• 1869 - The Church of Ireland ceased to be recognized as the state church.
  • 1876 - A law was passed requiring Church of Ireland registers to be stored in the Public Record Office
  • 1878 - The 1876 storage law was amended to allow Church of Ireland ministers with suitable storage facilities to retain their records. The Primitive Wesleyan Methodists united.
  • 1922 - A separate record repository was established for Northern Ireland. The Public Record Office, Dublin, burned, destroying many Church of Ireland Parish records and other documents. Parish records in the east wing, A-C, survived and many, many parish ministers had copies in local custody.

Church records are an excellent source of names, dates, and placed. In fact, church records are the primary source for pre-civil registration (pre-1864) Irish research.

Church records include records of births or christenings, marriages, and sometimes deaths or burials. These records were kept in registers, usually called "Parish Registers". Church records may include other types of records such as religious census returns, emigration lists, and session or vestry minutes. (Sometimes called the Parish Chest as well)

The following books contains information about the history and records of many Irish religious denominations:

The following books also have excellent information about church records, dates they start and addresses for local parishes:

  • Ryan, James G. ed., Irish Records: Sources for Family and Local History
  • Falley, Margaret, Irish and Scotch-Irish Ancestral Research
  • Grenham, John Tracing Your Irish Ancestors: The Complete Guide

Church Of Ireland Records

Historically, each parish in Ireland kept its own records. Because the Church of Ireland was the state or established, church, these parish records were considered state records. In 1876, a law was passed requiring that the Church of Ireland parish registers be sent to the Public Record Office in Dublin for safekeeping. This law was amended in 1878 to allow parishes with good storage facilities to retain their records, so not all parish records were sent to Dublin. Further, some ministers made copies of their records before sending the originals to Dublin. Thus, many Church of Ireland records remain, even though the records sent to Dublin were destroyed in 1922 when the Public Record Office burned.

Church of Ireland parish registers list christenings, marriages, and burials. The amount of information recorded varies from parish to parish and from minister to minister. Later records generally give more information than earlier ones. Because the Church of Ireland was the state church, even people who did not belong to the church were sometimes listed in the church's parish registers. Consequently, it is wise to search Church of Ireland records regardless of your ancestor's religion.

Christenings (Baptisms)

Children were usually christened (baptized) within a few weeks of birth, though some christenings of older children or adults are recorded. Parish registers provide at least the name of the person christened and the christening date. They usually record the name of the father and frequently the first name of the mother. They may also record birth date, legitimacy, father's occupation, and the family's place of residence. In larger cities, registers often provide the family's street address.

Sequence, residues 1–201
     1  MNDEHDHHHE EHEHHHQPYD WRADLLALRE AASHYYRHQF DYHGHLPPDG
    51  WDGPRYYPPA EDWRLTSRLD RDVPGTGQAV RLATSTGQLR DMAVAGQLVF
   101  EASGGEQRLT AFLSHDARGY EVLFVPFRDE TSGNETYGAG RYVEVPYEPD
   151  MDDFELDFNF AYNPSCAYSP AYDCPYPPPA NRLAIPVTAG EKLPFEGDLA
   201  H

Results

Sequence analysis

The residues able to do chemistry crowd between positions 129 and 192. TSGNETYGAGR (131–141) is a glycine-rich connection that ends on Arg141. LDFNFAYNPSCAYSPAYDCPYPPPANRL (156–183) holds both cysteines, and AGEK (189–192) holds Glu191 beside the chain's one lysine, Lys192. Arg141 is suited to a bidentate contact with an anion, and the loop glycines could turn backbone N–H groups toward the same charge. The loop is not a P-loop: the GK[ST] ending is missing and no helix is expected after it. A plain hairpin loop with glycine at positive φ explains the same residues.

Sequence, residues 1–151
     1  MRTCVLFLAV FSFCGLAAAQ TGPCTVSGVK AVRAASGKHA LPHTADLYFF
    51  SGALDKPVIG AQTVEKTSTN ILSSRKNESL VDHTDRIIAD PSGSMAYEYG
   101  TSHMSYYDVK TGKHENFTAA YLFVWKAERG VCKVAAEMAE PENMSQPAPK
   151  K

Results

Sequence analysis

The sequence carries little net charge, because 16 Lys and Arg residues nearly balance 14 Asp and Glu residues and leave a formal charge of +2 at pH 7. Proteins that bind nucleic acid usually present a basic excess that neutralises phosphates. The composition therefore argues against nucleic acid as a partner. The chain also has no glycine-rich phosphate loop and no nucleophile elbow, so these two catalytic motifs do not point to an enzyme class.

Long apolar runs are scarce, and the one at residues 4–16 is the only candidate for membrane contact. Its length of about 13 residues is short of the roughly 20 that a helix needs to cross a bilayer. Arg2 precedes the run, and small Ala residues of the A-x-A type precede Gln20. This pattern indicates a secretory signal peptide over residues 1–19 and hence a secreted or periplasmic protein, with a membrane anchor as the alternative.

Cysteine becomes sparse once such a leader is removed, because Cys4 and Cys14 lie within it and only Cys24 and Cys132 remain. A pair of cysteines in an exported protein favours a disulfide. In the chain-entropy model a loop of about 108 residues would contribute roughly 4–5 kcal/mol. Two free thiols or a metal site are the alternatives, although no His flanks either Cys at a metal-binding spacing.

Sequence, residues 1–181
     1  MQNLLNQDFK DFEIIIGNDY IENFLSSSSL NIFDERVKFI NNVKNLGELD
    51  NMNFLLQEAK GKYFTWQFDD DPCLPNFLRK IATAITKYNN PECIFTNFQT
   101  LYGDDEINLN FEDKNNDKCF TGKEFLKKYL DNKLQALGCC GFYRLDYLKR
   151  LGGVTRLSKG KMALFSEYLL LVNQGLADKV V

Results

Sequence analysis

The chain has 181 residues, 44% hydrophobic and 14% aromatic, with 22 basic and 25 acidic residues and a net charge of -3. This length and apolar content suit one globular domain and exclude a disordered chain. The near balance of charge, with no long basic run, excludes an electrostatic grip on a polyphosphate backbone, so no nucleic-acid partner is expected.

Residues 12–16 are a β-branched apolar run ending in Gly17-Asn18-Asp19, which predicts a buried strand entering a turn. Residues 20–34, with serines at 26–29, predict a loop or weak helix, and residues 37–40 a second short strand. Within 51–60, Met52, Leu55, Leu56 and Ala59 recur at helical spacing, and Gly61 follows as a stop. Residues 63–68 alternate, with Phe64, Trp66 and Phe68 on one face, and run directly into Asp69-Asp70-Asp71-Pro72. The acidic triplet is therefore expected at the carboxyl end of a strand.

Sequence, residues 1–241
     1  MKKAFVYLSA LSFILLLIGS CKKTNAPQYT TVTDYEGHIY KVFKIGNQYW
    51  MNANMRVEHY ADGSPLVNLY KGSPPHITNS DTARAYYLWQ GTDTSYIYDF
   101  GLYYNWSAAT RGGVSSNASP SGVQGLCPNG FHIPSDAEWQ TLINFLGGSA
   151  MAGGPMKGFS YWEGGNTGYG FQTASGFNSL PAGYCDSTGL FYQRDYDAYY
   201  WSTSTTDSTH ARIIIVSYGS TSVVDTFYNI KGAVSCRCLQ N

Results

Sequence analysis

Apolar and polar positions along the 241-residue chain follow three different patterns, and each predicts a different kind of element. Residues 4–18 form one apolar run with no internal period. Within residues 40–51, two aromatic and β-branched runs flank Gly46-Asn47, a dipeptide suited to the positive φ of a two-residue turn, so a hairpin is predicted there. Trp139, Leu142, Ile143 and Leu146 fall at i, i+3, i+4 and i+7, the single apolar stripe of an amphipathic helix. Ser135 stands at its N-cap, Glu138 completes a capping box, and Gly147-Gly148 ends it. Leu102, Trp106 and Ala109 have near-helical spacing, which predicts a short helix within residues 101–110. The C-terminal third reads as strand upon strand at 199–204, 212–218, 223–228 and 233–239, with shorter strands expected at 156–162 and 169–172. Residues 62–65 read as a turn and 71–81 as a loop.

Pre-1845 parish registers usually provide only the date of marriage and the names of the bride and groom. Beginning 1845, parish registers also include the place of marriage, the marital status, occupation, and place of residence; both fathers' occupations; and the names of witnesses (possible relatives). If the father is deceased, that fact was sometimes noted.

Couples were usually married in the bride's parish. Permission to marry was obtained in one of two ways:

  • By banns Couples were required by law to have the minister announce their intent to marry or post notice of their intent on the church door for three consecutive Sundays before the marriage could take place, unless a special license was obtained. This gave others time to object to the marriage.
  • by license A couple applied to the proper church authority, usually the bishop of the diocese or the Archbishop of Armagh, for a license to marry. An allegation and a bond were drawn up. The allegation listed the names of the bride and groom, their ages, marital statuses, and intended place of marriage. Note Special license was also required if the relationship between the two people was too close to be permitted by church law, such as first or second cousins wishing to marry. The bond was made to insure that all the information given was valid. The license granted permission to marry. Most Irish allegations, bonds, and licenses have been destroyed. However, some abstracts and indexes of these records for various dioceses remain. The indexes include the names of the intended bride and groom and the year their license was issued. Some of these indexes are available through your local Family History Center.